Los Angeles


Dwan Gallery

The Dwan Gallery has moved to a new location in Westwood Village during May and has opened with the assemblages of the French “Nouveau Realiste” Arman. The artist is best known for his “accumulations”—plastic fronted boxes enclosing many examples of a single kind of object, automobile horns, alarm clocks, medicinal ampules, toy six-guns, ink wells or ladies’ shoes. The very simple power of repetition found in the massing of these forms works a strange magic, as if of incantation. In the “Furies”—objects destroyed or transformed by a furious instant of action and preserved in their transformation—one recognizes a relation to the multiple point of view and exploded visions of cubist and futurist art. While it may be possible to comment grandly on the artist’s expression of the increasing rate of change and decay in our time, I suspect that there is something much simpler here. Arman seems to prefer musical instruments, wooden coffee mills and patinaed metal parts, worn Kodaks and ancient auto horns for his materials. The beauty of old materials and the signs of age are pursued for their own sake. Arman is involved with the antiquing of today. There is a sentimental element in this work that stands behind the ironic choice of materials which can be so very surprising. The materials, their associations and our interest in earlier arts are made to carry the weight of Arman’s frail esthetic.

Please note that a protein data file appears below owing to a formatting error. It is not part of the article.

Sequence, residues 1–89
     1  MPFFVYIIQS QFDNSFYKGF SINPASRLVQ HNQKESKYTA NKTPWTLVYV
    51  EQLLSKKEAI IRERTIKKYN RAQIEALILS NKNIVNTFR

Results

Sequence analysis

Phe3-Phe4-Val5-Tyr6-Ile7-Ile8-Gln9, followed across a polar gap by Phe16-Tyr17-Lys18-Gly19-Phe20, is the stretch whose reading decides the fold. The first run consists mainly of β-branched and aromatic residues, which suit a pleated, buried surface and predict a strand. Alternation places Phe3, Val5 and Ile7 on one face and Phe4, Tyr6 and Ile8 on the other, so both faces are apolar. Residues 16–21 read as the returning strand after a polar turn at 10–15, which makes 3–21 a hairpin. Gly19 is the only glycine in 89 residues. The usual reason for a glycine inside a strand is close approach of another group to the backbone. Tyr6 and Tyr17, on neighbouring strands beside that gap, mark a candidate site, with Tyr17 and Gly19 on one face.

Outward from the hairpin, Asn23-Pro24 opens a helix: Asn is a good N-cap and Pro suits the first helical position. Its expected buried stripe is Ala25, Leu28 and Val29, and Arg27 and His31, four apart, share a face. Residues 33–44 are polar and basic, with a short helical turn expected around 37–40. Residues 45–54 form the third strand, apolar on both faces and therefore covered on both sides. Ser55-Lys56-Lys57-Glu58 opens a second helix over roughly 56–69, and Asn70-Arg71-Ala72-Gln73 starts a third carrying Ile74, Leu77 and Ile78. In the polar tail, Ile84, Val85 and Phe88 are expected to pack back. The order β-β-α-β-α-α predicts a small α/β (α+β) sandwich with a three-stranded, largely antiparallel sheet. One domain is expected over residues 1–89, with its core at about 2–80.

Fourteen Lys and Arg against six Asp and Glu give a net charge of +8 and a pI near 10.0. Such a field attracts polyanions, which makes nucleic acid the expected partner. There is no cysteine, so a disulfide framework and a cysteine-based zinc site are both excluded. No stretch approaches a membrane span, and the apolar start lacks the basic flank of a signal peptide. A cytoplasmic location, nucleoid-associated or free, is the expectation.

Gerald Nordland